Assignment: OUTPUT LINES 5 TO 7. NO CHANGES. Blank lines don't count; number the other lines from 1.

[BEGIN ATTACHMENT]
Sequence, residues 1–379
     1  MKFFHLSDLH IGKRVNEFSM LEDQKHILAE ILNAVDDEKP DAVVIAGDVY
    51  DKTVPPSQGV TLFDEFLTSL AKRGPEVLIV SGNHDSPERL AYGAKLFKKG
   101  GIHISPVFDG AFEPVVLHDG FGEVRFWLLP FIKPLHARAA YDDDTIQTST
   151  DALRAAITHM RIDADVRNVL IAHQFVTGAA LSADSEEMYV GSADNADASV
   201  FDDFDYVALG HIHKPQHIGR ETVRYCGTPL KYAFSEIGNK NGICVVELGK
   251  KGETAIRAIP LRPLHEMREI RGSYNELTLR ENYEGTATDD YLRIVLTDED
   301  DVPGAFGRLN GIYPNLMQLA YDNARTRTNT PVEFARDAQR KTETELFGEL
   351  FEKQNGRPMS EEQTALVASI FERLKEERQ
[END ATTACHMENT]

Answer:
   151  DALRAAITHM RIDADVRNVL IAHQFVTGAA LSADSEEMYV GSADNADASV
   201  FDDFDYVALG HIHKPQHIGR ETVRYCGTPL KYAFSEIGNK NGICVVELGK
   251  KGETAIRAIP LRPLHEMREI RGSYNELTLR ENYEGTATDD YLRIVLTDED